No-waste shopping: The next biggest retail disruption
Editorial

No-waste shopping: The next biggest retail disruption

As consumers become more eco-friendly savvy, brands are stepping up to the demand for more sustainable packaging – or even no packaging at all. Discover the businesses endeavouring to provide quality products and services through innovative practices.   

It’s predicted that Britons will eat 175 million mince pies this year, equating to a tonne of aluminium packaging. Yet at the COP26 climate change summit, leaders of the country’s five biggest supermarkets committed to halve the environmental impact of a weekly shop, with packaging representing a large part of this.  

So far they seem to be making the right moves. Tesco has launched a 10-store “no-waste” shopping trial which involves buying items in refillable containers and returning the empty containers. They’ve followed competitors M&S, Morrisons and Waitrose who are also trialing the concept, albeit in more of a BYO container set up.   

No-waste shopping seems the next logical step up from reusable shopping bags, which experts estimate could save more than over 22,000 plastic bags over their lifetime. It’s enough to fill you with hope that this next big grocery trend of no-waste shopping can actually make a difference against the 29 million tonnes that is predicted to be dumped in our oceans by 2040.  

Making the leap 

But can consumers be expected to make the leap from reusable bags to refillable containers, adding an extra level of effort to their shopping duties? The concern and awareness are certainly there. 50% of 16-to-44-year olds in the UK are increasingly aware of their consumption of packaging, with 83% in the same age range willing to pay more for sustainable packaging. M&S, which extended its Fill Your Own offering to an 11th store in June, found two thirds of consumers were more likely to consider using refill stations than two years ago, and 23% of shoppers were actively seeking retailers that offered the service.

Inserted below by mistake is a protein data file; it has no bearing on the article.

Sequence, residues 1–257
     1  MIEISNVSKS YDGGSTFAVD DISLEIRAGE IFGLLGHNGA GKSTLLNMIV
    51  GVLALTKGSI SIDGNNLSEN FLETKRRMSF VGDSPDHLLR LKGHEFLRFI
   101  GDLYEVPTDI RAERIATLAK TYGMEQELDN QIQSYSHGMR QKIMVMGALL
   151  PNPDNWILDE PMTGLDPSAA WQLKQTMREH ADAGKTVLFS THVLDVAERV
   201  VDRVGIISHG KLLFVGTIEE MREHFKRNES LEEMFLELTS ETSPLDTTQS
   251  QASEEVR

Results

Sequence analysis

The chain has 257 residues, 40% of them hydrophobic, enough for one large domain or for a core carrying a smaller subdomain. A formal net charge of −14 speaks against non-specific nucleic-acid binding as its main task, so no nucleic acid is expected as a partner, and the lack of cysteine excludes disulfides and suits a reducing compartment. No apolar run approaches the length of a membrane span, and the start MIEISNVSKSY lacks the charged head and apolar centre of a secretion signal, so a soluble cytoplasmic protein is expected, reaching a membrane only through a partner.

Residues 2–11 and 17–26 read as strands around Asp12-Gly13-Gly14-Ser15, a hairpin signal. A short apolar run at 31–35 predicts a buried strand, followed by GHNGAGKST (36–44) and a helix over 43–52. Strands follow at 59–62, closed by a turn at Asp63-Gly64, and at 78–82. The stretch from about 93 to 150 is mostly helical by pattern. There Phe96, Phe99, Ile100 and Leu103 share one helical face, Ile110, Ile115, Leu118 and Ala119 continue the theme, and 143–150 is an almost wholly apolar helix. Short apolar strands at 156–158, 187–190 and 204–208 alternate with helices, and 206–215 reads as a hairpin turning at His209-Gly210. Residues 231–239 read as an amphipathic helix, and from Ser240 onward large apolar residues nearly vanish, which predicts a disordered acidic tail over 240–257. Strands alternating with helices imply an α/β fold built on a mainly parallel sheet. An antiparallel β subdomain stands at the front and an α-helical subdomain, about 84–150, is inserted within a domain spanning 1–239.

With 30% of M&S’ refillable products outselling their packaged versions, the retailer is planning to expand the offering to more product lines. This is in line with Tesco’s thinking, that delivering greater product breadth and choice will be what makes no-waste shopping live up to its prediction as the next biggest retail disruption.  

But while product availability will clearly be a driver for consumer uptake of no-waste shopping, is there more to it than that? Especially when packaging is such an entrenched part of the purchasing process, both for shoppers who rely on it for information, and for brands who have made it an extension of their identities? 

Lush’s innovative solution 

Cosmetics retailer Lush offers a number of packaging-free items, like shampoo bars, bath and shower bombs and even henna hair dye. Its head of e-commerce, Nicole Belling, describes how it always aims to “innovate our way out of a problem”. In the case of no-waste shopping and shoppers actually missing the informative aspect of packaging, a digital packaging element can fill in the gaps, with scannable QR codes bringing up details like ingredients and instructions to a mobile device. 

Image credit: Lush